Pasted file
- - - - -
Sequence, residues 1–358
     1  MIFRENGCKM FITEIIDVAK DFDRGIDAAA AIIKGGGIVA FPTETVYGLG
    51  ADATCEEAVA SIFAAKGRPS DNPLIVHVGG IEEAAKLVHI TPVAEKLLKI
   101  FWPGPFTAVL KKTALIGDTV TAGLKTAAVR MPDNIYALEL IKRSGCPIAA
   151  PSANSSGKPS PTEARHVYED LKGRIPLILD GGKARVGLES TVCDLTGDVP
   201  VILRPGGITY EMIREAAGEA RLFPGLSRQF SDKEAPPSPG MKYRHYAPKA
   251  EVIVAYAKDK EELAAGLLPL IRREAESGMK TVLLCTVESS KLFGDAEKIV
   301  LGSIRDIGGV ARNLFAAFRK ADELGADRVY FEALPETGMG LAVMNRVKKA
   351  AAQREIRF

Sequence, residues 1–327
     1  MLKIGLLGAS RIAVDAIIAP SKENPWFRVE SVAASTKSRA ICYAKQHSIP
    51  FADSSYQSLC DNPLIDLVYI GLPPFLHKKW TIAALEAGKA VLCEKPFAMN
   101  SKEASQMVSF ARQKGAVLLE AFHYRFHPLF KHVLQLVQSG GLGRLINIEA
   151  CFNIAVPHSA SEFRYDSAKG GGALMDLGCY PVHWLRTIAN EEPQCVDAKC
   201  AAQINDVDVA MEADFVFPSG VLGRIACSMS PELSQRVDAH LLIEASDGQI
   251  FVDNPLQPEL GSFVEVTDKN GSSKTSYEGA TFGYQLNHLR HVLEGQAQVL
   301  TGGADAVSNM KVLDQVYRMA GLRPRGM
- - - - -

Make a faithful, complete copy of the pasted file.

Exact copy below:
Sequence, residues 1–358
     1  MIFRENGCKM FITEIIDVAK DFDRGIDAAA AIIKGGGIVA FPTETVYGLG
    51  ADATCEEAVA SIFAAKGRPS DNPLIVHVGG IEEAAKLVHI TPVAEKLLKI
   101  FWPGPFTAVL KKTALIGDTV TAGLKTAAVR MPDNIYALEL IKRSGCPIAA
   151  PSANSSGKPS PTEARHVYED LKGRIPLILD GGKARVGLES TVCDLTGDVP
   201  VILRPGGITY EMIREAAGEA RLFPGLSRQF SDKEAPPSPG MKYRHYAPKA
   251  EVIVAYAKDK EELAAGLLPL IRREAESGMK TVLLCTVESS KLFGDAEKIV
   301  LGSIRDIGGV ARNLFAAFRK ADELGADRVY FEALPETGMG LAVMNRVKKA
   351  AAQREIRF

Sequence, residues 1–327
     1  MLKIGLLGAS RIAVDAIIAP SKENPWFRVE SVAASTKSRA ICYAKQHSIP
    51  FADSSYQSLC DNPLIDLVYI GLPPFLHKKW TIAALEAGKA VLCEKPFAMN
   101  SKEASQMVSF ARQKGAVLLE AFHYRFHPLF KHVLQLVQSG GLGRLINIEA
   151  CFNIAVPHSA SEFRYDSAKG GGALMDLGCY PVHWLRTIAN EEPQCVDAKC
   201  AAQINDVDVA MEADFVFPSG VLGRIACSMS PELSQRVDAH LLIEASDGQI
   251  FVDNPLQPEL GSFVEVTDKN GSSKTSYEGA TFGYQLNHLR HVLEGQAQVL
   301  TGGADAVSNM KVLDQVYRMA GLRPRGM